Use this URL to cite or link to this record in EThOS: http://ethos.bl.uk/OrderDetails.do?uin=uk.bl.ethos.599751
Title: Community and dissent : a study of the implications of religious fragmentation in the Sierra Juárez, Oaxaca
Author: Gross, T.
Awarding Body: University of Cambridge
Current Institution: University of Cambridge
Date of Award: 2001
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Abstract:
The objective of this study is to analyse the social implications of religious fragmentation in the rural indigenous communities of the State of Oaxaca in Southern Mexico. The research is based on the data collected during eighteen months of anthropological fieldwork (1998-2000) carried out in the Zapotec and Chinantec communities of the Sierra Juárez, a mountainous Northern region of the state. It first demonstrates that although indigenous communities in contemporary Oaxaca can be characterised by the so-called "communal ideology" that strives for cultural, legal, social and religious homogeneity, they are at the same time "battlefields" of contesting interests and social projects. The fragmentation of the "religious field" of the "traditionally" Catholic communities all over Mexico has contributed to the increase of social heterogeneity within these. This study looks at the impact of religious fragmentation of communal life and the lives of individuals as members of communities, and at the relationship between different religious groups in the commonly shared "profane" arena. Special attention is paid to religious conflicts and intolerance between Catholics and non-Catholics as a consequence of the rapid increase of religious "dissent" in these communities and in rural Mexico in general. The study analyses the underlying reasons of conflicts and intolerance, demonstrating that these should not be explained only in religious, but also in political, legal and economic terms. Finally, the mechanisms of maintaining or re-establishing "communal consensus" are scrutinised by looking at the ways religious conflicts are resolved, and trying to explain why in some communities social equilibrium has been achieved relatively easily, while in others intolerance has lasted for long. Although concerned with a particular ethnographic region, this study aims to add to greater understanding of the phenomenon of religious fragmentation and its implications in Mexico and in Latin American in general. By combining micro and macro data, it challenges some of the conventional theories of the reasons of religious change and intolerance.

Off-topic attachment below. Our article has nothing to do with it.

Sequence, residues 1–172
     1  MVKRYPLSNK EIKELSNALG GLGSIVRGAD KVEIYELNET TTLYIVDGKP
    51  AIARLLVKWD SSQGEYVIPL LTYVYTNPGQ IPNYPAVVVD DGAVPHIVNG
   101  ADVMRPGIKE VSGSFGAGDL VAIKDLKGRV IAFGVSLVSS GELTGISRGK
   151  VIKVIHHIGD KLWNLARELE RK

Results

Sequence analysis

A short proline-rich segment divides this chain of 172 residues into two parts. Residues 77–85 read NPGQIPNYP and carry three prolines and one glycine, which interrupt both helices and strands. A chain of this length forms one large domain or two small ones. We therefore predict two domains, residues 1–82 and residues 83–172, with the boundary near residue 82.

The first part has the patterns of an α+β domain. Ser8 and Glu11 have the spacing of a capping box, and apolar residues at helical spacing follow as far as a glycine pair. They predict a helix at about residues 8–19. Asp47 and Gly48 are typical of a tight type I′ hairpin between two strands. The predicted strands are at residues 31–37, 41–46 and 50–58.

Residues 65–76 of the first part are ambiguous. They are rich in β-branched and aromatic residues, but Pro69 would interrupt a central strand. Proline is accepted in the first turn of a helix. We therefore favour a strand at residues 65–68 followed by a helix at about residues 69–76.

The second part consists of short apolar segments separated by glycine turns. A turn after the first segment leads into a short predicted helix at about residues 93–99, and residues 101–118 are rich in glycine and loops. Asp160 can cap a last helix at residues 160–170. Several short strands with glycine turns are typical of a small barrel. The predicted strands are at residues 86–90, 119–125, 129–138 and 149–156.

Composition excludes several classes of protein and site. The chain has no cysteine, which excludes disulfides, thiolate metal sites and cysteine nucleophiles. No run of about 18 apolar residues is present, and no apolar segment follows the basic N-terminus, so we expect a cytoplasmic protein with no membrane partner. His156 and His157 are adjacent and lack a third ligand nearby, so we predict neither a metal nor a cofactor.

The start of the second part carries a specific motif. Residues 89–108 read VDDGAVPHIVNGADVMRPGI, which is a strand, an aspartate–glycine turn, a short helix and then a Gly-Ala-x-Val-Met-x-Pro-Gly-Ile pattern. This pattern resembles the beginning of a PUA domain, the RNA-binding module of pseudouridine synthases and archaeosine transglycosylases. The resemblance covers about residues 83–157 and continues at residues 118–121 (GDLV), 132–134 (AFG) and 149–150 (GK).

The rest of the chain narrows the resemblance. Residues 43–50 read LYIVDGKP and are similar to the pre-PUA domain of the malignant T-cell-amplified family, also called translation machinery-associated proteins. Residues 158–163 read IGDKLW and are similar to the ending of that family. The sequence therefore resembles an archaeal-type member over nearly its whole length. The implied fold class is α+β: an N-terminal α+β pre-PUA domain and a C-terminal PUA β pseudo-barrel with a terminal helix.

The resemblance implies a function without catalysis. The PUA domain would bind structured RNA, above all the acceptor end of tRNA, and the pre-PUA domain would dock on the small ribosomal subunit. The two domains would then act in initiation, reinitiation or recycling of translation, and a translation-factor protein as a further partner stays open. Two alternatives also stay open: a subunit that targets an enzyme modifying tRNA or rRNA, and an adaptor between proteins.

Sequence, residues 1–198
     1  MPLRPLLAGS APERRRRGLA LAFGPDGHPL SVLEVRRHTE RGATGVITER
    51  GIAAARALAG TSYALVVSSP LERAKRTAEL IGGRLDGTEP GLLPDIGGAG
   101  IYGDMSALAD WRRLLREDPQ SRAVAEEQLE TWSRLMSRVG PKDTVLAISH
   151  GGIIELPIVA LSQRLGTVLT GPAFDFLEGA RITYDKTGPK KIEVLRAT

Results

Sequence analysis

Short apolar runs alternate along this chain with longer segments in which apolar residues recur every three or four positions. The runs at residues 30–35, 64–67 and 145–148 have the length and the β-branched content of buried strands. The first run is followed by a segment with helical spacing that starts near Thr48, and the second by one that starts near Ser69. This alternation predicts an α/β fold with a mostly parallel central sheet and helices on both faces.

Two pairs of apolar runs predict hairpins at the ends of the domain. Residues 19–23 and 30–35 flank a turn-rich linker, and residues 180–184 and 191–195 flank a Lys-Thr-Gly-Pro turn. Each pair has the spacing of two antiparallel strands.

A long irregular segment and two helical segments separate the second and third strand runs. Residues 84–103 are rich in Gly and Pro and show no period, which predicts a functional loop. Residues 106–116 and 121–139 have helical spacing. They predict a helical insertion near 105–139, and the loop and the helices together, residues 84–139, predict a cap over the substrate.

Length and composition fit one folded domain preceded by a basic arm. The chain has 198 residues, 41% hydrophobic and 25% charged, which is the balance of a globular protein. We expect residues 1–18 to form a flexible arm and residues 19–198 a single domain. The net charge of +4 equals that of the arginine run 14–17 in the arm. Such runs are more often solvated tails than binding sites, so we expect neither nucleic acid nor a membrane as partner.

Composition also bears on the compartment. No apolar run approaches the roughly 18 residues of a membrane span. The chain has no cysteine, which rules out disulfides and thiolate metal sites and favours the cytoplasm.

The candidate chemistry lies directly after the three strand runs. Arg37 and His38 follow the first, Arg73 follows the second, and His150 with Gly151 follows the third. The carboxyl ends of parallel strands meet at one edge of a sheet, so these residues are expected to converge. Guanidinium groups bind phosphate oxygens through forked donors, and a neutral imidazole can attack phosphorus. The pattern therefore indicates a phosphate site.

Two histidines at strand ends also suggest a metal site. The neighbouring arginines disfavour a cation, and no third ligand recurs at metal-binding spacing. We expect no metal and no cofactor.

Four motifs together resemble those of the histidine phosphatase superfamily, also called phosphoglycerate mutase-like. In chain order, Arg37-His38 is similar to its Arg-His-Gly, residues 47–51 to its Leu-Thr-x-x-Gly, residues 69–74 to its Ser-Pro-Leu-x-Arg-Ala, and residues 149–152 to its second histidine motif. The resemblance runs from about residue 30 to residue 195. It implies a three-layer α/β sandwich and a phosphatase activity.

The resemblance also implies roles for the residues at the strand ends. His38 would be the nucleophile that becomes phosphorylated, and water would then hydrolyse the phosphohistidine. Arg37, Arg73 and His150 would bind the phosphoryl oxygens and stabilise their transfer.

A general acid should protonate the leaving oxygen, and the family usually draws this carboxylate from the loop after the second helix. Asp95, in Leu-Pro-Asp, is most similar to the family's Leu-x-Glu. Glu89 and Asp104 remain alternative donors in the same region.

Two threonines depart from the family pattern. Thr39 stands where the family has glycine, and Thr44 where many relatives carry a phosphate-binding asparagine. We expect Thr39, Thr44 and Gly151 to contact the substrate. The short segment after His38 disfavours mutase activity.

Supervisor: Not available Sponsor: Not available
Qualification Name: Thesis (Ph.D.) Qualification Level: Doctoral
EThOS ID: uk.bl.ethos.599751  DOI: Not available
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